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IAS 37 — Payments for other taxes than other than income tax

Date recorded:

IAS 37 Provisions, Contingent Liabilities and Contingent Assets - Payments relating to taxes other than income tax (Agenda Paper 7)


The Committee received a request from the European Securities Market Authority (ESMA) to interpret IAS 37 in relation to payments relating to uncertain tax treatments that are outside the scope of IAS 12 Income Taxes (ie the payments are for taxes other than income tax).

The ESMA submission describes a situation in which an entity is in dispute with the tax authority.

The entity makes a voluntarily payment equal to the disputed amount to the tax authority in order to avoid possible penalties or interest. The payment could be held in escrow by the tax authority, depending on the jurisdiction, pending the resolution of the dispute. The tax authority will either return the payment to the entity or use it to settle the tax liability. ESMA’s question relates only to how the entity should account for the voluntary payment made by the entity. The entity determines that it is not probable that an outflow of future economic benefits will be required in relation to the disputed amount and therefore has not recognised a liability. ESMA is not asking the Committee about the appropriateness of not recognising a liability for the disputed tax amount.

ESMA thinks that the payment would be recognised as an asset or an expense, depending on how IAS 37 is interpreted. You could interpret the payment as creating an asset, which will either be refunded by the tax authority or used to settle the tax liability arising from the resolution of the dispute. There is no uncertainty about the existence of the asset. The uncertainty is only whether the entity will the asset will lead to a receipt of a refund or be applied to settle a future liability.

Alternatively, the amount paid could be considered a contingent asset of the entity. The uncertainty about the outcome of the dispute creates uncertainty about the existence of the asset, rather than only the means of recovery. The entity would recognise an asset only to the extent that reimbursement is virtually certain.

Staff analysis

The staff analysis is that the payment made by the entity meets the definition of an asset. On making the payment, the entity has the right to receive future economic benefits either in a form of cash or by using the payment to settle the tax liability. The payment is not a contingent asset as defined by IAS 37 because it is an asset, and not a possible asset, of the entity.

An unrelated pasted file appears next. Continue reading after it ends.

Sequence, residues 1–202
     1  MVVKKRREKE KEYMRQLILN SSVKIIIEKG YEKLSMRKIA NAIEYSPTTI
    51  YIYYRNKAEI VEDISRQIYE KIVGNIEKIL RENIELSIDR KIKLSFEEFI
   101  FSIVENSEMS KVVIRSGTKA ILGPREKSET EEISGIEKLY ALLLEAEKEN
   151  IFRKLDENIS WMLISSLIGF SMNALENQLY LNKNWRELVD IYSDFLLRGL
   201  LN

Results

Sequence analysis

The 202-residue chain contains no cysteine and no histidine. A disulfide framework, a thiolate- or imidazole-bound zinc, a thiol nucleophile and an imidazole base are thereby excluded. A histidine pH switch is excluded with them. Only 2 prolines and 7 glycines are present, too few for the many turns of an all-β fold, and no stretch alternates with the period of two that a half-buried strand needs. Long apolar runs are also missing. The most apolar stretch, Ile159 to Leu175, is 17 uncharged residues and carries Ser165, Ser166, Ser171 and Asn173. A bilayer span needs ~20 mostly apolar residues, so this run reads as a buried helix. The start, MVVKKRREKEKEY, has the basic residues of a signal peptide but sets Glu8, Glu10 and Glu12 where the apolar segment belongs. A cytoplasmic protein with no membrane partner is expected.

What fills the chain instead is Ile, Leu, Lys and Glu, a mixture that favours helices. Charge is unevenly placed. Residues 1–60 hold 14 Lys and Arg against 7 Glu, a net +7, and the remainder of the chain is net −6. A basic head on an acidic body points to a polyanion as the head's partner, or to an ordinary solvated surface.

Staff recommendation

The staff are recommending that the Committee not add the item to its agenda, on the grounds that the requirements in IFRS Standards provide an adequate basis for an entity to account for payments relating to taxes other than income tax.


The staff began by clarifying that in the paper they had referred to the change in definition of an asset in the new Conceptual Framework. When the new Framework takes effect there will be tow definitions an asset – the Framework and IAS 38. In following the IAS 8 hierarchy the staff said they would use the Framework definition rather than IAS 38 because IAS 38 considers intangible assets. The staff said they would bring that back to the next meeting to give the Committee the chance to comment on whether this is appropriate.

The two main issues were whether it mattered that the payment was voluntary of not and the link with the liability.  Some members thought it would be better to say that the payment was voluntary and not compelled by the tax authority. Other members thought that whether it was voluntary made no difference because expense recognition makes no sense if you base it on the timing of the payment. The expense is clearly linked to the liability. On that matter there was a concern that there could be a conflict with the uncertain tax position guidance. In the fact pattern a liability is not recognised and it seems to relate to an uncertain tax position. The fact pattern should be expressed to ensure that these matters are not confused.  

One member said the decision should state that once the money was in escrow this is not a financial asset.

The staff will bring this back at the next meeting. However, the Committee was asked if the direction the work was taking was appropriate and all members agreed.

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